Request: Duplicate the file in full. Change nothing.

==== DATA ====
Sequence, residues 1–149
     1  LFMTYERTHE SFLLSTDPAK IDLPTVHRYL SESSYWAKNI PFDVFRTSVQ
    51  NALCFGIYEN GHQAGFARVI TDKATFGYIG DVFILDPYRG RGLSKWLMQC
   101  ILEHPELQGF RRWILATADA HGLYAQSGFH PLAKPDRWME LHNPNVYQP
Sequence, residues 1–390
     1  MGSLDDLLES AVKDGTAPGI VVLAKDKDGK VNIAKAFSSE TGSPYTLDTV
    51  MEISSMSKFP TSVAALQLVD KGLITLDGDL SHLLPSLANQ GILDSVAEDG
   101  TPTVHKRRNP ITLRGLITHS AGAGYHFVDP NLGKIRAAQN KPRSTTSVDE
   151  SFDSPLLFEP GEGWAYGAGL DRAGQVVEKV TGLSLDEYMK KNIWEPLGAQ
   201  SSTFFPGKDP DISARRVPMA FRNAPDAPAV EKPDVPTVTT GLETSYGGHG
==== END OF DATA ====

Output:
Sequence, residues 1–149
     1  LFMTYERTHE SFLLSTDPAK IDLPTVHRYL SESSYWAKNI PFDVFRTSVQ
    51  NALCFGIYEN GHQAGFARVI TDKATFGYIG DVFILDPYRG RGLSKWLMQC
   101  ILEHPELQGF RRWILATADA HGLYAQSGFH PLAKPDRWME LHNPNVYQP
Sequence, residues 1–390
     1  MGSLDDLLES AVKDGTAPGI VVLAKDKDGK VNIAKAFSSE TGSPYTLDTV
    51  MEISSMSKFP TSVAALQLVD KGLITLDGDL SHLLPSLANQ GILDSVAEDG
   101  TPTVHKRRNP ITLRGLITHS AGAGYHFVDP NLGKIRAAQN KPRSTTSVDE
   151  SFDSPLLFEP GEGWAYGAGL DRAGQVVEKV TGLSLDEYMK KNIWEPLGAQ
   201  SSTFFPGKDP DISARRVPMA FRNAPDAPAV EKPDVPTVTT GLETSYGGHG